‘We’ve given it our all’ say owners of pub overlooking River Adur as its conversion is approved
The owners of a nearly 200-year-old Southwick pub now have permission to turn the venue into a home.
Plans to close The Schooner Inn, 146 Albion Street, and convert it into a residential dwelling were approved by Adur District Council’s planning committee last night (December 6).
The current owners, the McWilliams, say the pub is no longer viable as a business and it has not reopened since the start of the pandemic in March 2020.
The couple became the landlords in 2014 and say they have invested £167,000 since.
Stephen McWilliams explained the decision not to reopen, saying: “Reopening without outdoor space is just not an option – COVID has unfortunately created a real inequality amongst pubs and those without outdoor space have suffered the most.
“Given that we struggled before COVID, it really would be impossible now.”
The McWilliams currently live on the first floor and will now turn the whole building into a family home including: a gym, basement storage, lounge, TV room, a main living area, and four bedrooms.
No alterations are planned to the outside of the building, which is in a conservation area.
Planning officers say that future developments will not be allowed under ‘permitted development rights’ and must gain planning permission before going ahead.
Planning officers approved
The pub is 200 years old next year and planning officers initially objected to the plans.
This is because Adur’s local plan aims to prevent the ‘loss of community facilities’.
However, the McWilliams submitted details of alternative nearby venues and planning officers were satisfied this met the requirements of the local plan.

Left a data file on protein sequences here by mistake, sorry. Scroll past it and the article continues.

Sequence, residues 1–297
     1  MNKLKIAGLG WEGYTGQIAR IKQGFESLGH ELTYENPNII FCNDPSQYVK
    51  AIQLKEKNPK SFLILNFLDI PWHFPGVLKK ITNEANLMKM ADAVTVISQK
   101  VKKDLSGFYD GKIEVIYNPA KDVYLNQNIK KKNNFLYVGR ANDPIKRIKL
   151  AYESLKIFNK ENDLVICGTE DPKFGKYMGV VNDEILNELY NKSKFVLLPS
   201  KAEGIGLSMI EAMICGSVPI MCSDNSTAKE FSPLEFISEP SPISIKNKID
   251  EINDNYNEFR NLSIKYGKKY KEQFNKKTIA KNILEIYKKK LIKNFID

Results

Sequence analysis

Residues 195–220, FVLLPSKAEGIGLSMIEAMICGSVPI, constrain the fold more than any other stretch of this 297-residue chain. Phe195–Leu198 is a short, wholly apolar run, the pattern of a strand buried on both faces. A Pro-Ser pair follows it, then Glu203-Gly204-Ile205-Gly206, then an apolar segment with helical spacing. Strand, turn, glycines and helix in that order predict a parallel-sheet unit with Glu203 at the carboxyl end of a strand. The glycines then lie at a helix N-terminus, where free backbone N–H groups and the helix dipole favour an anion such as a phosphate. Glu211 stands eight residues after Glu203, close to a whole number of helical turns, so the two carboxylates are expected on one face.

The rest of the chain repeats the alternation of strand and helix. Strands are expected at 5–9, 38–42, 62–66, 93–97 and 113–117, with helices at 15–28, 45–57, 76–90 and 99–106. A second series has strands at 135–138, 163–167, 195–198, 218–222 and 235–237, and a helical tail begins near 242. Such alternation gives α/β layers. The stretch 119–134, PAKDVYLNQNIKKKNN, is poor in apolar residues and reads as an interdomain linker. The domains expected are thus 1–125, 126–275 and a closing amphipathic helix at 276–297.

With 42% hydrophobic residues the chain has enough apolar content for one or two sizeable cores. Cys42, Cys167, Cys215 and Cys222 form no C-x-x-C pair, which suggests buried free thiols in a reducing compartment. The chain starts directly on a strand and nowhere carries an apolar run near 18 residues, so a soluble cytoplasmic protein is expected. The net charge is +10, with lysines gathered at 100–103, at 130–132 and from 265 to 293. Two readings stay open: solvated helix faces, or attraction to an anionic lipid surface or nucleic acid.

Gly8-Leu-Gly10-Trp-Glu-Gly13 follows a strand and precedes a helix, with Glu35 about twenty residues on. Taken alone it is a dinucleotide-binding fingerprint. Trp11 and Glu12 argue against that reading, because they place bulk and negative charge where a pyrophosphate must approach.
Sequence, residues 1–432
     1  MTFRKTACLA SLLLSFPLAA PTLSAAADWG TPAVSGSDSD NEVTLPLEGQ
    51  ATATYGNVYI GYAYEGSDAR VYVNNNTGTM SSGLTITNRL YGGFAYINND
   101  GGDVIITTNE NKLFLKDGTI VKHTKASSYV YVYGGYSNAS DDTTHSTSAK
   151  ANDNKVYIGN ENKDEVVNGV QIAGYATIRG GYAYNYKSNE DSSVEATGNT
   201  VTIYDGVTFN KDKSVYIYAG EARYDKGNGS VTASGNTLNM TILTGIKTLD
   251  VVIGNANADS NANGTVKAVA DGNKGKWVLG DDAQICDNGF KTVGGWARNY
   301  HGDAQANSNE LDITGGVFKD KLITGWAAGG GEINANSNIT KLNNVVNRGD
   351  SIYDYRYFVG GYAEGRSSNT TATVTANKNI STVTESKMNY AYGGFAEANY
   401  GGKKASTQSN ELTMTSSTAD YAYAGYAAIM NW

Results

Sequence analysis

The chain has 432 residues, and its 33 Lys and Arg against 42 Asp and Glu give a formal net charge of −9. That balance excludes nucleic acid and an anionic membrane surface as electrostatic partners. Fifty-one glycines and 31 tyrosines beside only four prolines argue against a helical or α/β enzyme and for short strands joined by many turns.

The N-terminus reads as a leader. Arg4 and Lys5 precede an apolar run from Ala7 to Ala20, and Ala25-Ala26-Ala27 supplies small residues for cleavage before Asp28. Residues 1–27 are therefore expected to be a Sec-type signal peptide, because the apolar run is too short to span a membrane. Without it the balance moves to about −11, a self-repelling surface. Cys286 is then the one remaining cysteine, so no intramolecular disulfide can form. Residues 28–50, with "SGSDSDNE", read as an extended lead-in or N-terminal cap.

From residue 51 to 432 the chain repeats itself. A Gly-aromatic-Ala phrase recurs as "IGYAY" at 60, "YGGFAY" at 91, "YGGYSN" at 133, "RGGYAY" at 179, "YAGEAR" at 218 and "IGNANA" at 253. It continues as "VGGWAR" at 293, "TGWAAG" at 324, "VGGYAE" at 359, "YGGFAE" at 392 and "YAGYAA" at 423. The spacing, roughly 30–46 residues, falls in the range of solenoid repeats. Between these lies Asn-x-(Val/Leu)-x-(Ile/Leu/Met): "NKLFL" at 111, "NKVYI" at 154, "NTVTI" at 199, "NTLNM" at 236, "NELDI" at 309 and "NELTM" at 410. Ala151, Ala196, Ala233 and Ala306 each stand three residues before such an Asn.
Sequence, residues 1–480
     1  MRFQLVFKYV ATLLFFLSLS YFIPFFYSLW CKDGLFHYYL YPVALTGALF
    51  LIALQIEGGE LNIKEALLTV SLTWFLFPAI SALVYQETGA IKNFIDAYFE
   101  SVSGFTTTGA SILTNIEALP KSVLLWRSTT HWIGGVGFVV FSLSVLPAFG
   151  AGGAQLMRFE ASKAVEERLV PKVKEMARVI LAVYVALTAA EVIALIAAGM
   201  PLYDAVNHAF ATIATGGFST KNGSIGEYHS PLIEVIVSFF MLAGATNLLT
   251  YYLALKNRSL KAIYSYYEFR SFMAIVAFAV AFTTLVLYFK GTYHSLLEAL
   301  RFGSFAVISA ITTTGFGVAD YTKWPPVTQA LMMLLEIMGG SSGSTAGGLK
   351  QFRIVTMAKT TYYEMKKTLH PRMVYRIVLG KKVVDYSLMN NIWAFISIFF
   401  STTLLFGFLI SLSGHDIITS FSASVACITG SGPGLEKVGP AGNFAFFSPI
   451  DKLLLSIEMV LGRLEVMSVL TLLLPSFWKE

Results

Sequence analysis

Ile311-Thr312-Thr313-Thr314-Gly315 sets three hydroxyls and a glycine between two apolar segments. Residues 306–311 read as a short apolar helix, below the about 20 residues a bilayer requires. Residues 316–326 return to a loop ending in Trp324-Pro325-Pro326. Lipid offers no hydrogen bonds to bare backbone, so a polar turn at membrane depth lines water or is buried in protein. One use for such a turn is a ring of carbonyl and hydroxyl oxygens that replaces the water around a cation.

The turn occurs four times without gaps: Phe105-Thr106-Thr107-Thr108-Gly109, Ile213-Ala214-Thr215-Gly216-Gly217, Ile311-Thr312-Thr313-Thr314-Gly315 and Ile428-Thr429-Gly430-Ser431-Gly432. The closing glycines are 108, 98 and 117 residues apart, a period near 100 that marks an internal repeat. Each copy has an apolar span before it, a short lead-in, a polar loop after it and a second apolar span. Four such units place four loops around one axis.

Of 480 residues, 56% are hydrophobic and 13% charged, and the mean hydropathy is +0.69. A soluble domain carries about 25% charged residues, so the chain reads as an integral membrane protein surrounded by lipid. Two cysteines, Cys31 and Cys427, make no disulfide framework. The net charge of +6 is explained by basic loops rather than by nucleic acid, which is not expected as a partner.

“There are at least four or five pubs locally, including the Newport Arms, in a very similar location on the harbour front with views of the harbour,” said officers.
They said a ‘balanced case’ had been presented to turn the pub into a home.
Ultimately deciding to approve the plans, the committee was ‘sad’ to see the pub go but agreed the business was not viable.
Paul Mansfield (Con, Cokeham) said: “We’ve seen The Green Jacket go, that’s now Tescos, in my own ward I’ve seen the Ball Tree go, the Joyful Whippet just recently, now the Marquis of Granby – unfortunately it’s a downward trend.”
Dave Collins (Ind, Marine) was a regular at The Schooner and had seen ‘many landlords come and go’.
“It’s not viable for anybody to take on,” he said.
Jeremy Gardner (Lab, St Mary’s) said he would ‘rather see the building looking good as a home’ than ‘as a struggling pub’.
Closure is ‘truly sad’
Some 13 letters of objection were received, with one in support of the plans.
The supporter said the couple had put ‘tremendous effort’ into the business adding that ‘the closure of the pub is truly sad’.
One objector, Trevor Wickson, said he has been a Schooner regular for more than 50 years.
Mr Wickson said: “It cannot be right for one family to exclude access for 30,000 other residents by seizing this two centuries old maritime tavern just for themselves.”
The plans could ‘create a dangerous precedent of asset stripping’, according to Mr Wickson.
Another speaker said: “There are at least 20 good reasons to keep this maritime heritage tavern as a pub.”
Seven landlords in 11 years
The McWilliams refuted claims that the pub had been bought with the sole purpose of turning it into the family home.
Mrs McWilliams said: “We’ve obtained data from the previous owners confirming that there were seven landlords in the 11 year period prior to us – that’s an average of one and a half years per landlord.
“This provides evidence that it’s not just us as an anomaly that struggled and it supports that the site itself has challenges.”
Mrs McWilliams said the couple had ‘net losses’ and withdrew ‘little or no salary nor dividends’.
“We can hand on heart say we’ve given it our all,” she said.
Mr McWilliams said that regulars had been ‘understanding and sympathetic’ when he told them of the decision to close the pub.
“Many know just how hard we worked to build a business at the Schooner,” he said, “and ultimately, it’s hard to deny the pub was ever sufficiently busy, at least in recent history, to maintain a viable business.”
More details can be found at the Adur planning portal using reference: AWDM/1327/21.